Beyond the Kitchen New Orleans

My Favorite Places to Dine Alone in New Orleans

“Table for one, please.” 

“Oh just one?” 

“Yes, table for one, please.” 

I find myself repeating this phrase often, not for lack of dinner company, but mostly because I really love eating out alone.  It feels indulgent to me, and liberating, and exactly like I skipped that conversation that usually goes something like this: “Where do you want to go for dinner?”  “I dunno, where do you want to go?”  “Does your mother hate me?”  Silence…. and someone orders takeout.  

Because I often travel alone (and have eaten enough room service club sandwiches to last me a lifetime), I’ve grown to LOVE learning about a city through some of their best restaurants… all by myself.  It’s like being a stranger in a strange land, leaving surrounding diners not to pity me, but rather assume that I’m Sydney Bistow in the early seasons of Alias.  They are correct, I’m part ninja in confidence alone.   

I also live in one of the best food cities in the country, and a girl can only eat so many scrambled eggs for dinner at home before enough is enough.  What I’ve come to love about dining out in New Orleans is that I now have local knowledge under my belt.  That’s handy as a single woman dining alone.  It’s nice to know what bars feel cozy to eat at (without too much interruption from gentlemen folk), and which restaurants feel nice to sit at a table solo.  Here are some of my favorite restaurants to dine alone in based on my experiences out in New Orleans.  If you’re on a visit solo to New Orleans, welcome… get some good grub and always have a Sazerac:   

•  Sylvain in the French Quarter is one of my favorite places to grab a solo bite.  It’s especially great if you’re visiting town, wandering through the Quarter (it can be pretty dreamy) and looking for a good bite to eat.  Some tips:  Sylvain opens for dinner at 5:30.  I suggest arriving well before 7pm and finding a seat at the bar.  The earlier the better as, in my experience, the bar can fill up quickly.  The restaurant is cozy and dimly lit with a decent mix of local and tourist patrons.  This is a good place to strike up a dinnertime conversation.  Also, get the burger.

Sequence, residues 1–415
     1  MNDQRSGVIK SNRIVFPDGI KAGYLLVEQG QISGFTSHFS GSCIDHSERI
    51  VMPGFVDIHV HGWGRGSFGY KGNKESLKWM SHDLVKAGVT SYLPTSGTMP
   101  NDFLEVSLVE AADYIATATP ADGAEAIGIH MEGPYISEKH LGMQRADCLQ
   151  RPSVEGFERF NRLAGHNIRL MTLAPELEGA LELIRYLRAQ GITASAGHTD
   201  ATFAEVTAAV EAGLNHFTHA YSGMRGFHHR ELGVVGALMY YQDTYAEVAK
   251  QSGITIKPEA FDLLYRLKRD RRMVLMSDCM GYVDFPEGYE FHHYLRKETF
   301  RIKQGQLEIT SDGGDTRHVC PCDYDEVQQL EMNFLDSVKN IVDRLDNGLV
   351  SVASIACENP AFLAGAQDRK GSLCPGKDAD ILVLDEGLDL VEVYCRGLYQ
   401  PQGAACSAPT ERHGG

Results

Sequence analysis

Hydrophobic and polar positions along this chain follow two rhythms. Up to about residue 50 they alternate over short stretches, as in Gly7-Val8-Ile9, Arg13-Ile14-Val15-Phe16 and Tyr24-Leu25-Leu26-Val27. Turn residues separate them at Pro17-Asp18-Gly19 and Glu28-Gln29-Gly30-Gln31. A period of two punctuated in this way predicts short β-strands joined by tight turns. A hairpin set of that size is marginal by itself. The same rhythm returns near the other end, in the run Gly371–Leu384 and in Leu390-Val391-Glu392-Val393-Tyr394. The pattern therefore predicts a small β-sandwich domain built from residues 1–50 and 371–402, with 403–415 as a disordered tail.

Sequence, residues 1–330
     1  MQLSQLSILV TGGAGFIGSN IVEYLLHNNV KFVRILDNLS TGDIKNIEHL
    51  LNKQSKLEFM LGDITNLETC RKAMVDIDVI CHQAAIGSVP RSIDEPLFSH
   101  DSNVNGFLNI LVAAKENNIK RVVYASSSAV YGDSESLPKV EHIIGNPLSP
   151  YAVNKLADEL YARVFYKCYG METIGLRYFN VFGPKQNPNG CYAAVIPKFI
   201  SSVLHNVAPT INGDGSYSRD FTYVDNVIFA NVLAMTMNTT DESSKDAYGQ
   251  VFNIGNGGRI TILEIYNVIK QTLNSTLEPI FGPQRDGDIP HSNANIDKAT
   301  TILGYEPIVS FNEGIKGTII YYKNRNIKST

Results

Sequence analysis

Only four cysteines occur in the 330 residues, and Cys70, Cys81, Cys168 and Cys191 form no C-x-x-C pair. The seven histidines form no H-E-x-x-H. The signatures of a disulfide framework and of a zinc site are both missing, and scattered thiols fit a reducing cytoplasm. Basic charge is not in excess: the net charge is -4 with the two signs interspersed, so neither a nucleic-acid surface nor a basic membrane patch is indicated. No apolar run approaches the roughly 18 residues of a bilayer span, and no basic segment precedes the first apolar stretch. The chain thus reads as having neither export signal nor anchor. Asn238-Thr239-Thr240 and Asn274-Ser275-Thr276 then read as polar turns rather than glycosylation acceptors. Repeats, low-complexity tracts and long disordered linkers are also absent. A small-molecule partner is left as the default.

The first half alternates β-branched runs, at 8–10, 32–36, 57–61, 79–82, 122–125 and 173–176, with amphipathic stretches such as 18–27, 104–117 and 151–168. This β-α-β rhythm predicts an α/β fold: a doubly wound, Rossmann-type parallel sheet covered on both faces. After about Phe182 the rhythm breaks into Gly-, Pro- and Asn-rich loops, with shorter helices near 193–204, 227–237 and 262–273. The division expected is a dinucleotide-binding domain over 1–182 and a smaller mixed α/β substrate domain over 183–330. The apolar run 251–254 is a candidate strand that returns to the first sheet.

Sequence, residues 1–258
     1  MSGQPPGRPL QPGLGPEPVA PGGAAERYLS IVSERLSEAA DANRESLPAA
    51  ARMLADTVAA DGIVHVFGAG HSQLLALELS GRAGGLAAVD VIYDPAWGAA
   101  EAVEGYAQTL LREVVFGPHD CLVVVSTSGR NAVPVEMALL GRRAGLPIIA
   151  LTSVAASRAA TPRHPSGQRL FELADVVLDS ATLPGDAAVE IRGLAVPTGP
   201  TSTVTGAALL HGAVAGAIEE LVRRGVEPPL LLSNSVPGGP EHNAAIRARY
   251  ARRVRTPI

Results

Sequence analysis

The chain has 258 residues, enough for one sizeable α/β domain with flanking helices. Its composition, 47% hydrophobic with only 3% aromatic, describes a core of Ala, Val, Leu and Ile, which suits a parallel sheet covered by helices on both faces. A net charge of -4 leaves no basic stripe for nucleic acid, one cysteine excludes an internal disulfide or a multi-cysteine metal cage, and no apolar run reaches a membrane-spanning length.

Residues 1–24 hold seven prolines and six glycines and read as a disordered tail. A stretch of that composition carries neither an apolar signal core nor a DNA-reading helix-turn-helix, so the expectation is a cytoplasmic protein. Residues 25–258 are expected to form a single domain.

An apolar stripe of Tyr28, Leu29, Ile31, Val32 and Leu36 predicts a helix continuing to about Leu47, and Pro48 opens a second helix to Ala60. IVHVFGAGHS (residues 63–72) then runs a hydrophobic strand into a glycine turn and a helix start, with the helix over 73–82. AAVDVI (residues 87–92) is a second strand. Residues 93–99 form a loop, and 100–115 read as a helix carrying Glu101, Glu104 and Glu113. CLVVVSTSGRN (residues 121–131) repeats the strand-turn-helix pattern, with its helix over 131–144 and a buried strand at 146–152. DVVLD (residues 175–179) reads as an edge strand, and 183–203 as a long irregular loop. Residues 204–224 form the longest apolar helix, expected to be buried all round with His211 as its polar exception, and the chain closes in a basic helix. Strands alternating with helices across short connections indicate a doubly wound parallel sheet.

•  Patois is located in the heart of and Uptown neighborhood.  It feels like a very local, heartfelt, comfortable neighborhood place.  The food is sincere, generous, and really some of my favorite in the city.  Tips:  Don’t be afraid to make a reservation for one and sit at a table on your own.  This place is comfortable enough.  The staff will take good care of you.  

•  For breakfast I love Cherry Espresso Bar.  It’s a coffee shop Uptown with the best breakfast sandwiches, quinoa bowls, pour over coffee and no ridiculous line out the door for medium-meh diner food.  

•  For lunch I love the locally sourced food and very chill vibes at Sneaky Pickle in the Bywater.  It’s mostly vegan food with a few meat options and a lot of gluten free too.  It’s heart food.  Tips:  This is an order-at-the-counter spot so cozy up at a small table, bring a good book or magazine, and enjoy the solo quality time.  

•  For Southern Cajun food I really love a bite to eat at Cochon in the CBD (Central Business District).  They know their way around a pig.  My very favorites at Cochon are the wood-fired oysters, the smoked pork rubs, and… the cochon.  Tip:  ask for a seat at the chef’s bar.  You can peek into the kitchen (it’s full of friendly hard-working folks), gaze into the wood-fired oven, and have a good chat with the chefs.  Also, order a Sazerac.  

•  For a solo happy hour, I recommend a seat at the bar at Peche.  Go early.  If the weather is nice they may even have the side doors open, which makes a bar seat even more lovely.  Order the oysters, definitely get the tuna dip, and a lovely glass of crisp wine.  The staff is really lovely and the food is solidly delicious.  Tip:  Peche is very well-earned after an afternoon visiting all of the art galleries in the Arts District.  Here’s your guide to art in and around Julia Street.  

•  N7 is a dreamy, romantic restaurant in the Bywater.  The restaurant is behind a pretty nondescript, tall wooden fence but as you pass through, it’s like entering a secret garden.  There’s seating outdoors, but when I’m alone, my favorite tables are the cozy two tops inside the restaurant.  I’ve found there’s no real need for a reservation, head in, make eye contact with a waitress and they’ll usually nod you on to find your own table.  The wine list is excellent!  Bring a book and feel transformed.  

•  Cafe Henri is an easy neighborhood restaurant, also in the Bywater.  I like to sneak in just before closing for their Steak Frites which is charred just perfectly and supreme.  Staff is mellow.  Almost always a place to grab a table or bar seat.  Easy and delicious. 

Enjoy your dinner.  Enjoy your time.  Remember, no one belongs here more than you.